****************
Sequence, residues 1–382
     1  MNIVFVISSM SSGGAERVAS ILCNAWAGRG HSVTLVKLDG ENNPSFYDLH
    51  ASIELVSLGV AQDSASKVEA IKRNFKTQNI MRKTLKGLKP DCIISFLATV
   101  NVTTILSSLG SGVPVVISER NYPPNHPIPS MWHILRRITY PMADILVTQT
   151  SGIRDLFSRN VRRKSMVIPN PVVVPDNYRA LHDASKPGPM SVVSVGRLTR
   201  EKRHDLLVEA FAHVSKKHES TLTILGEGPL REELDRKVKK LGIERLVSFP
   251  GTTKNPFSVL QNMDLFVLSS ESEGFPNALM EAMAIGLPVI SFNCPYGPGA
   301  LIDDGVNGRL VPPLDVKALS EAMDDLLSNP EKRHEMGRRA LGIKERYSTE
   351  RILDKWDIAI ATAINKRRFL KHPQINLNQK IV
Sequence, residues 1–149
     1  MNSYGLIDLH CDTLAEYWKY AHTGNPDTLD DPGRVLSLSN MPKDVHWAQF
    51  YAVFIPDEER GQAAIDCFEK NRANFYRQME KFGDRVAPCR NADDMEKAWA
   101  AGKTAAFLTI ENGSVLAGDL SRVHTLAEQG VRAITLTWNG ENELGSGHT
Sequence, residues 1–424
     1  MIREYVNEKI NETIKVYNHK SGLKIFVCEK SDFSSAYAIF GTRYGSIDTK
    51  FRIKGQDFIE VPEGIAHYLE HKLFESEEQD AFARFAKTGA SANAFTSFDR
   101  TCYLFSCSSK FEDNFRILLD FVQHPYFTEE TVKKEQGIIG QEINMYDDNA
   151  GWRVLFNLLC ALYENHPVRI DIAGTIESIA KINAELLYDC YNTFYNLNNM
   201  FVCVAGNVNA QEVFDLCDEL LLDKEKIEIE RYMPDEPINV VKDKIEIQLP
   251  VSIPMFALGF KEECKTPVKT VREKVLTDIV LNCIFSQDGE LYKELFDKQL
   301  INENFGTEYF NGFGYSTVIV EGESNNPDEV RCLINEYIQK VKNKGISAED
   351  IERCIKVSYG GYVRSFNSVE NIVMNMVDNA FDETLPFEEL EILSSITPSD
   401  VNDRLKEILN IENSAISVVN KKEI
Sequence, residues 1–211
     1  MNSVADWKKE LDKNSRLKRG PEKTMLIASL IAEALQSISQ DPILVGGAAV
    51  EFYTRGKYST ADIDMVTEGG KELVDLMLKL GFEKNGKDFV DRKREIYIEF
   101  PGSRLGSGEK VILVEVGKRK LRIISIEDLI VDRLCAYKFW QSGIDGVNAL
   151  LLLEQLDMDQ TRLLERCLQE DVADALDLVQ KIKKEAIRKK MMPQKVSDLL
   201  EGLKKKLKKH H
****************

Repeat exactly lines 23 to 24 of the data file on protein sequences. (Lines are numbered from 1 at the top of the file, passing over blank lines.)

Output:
   401  VNDRLKEILN IENSAISVVN KKEI
Sequence, residues 1–211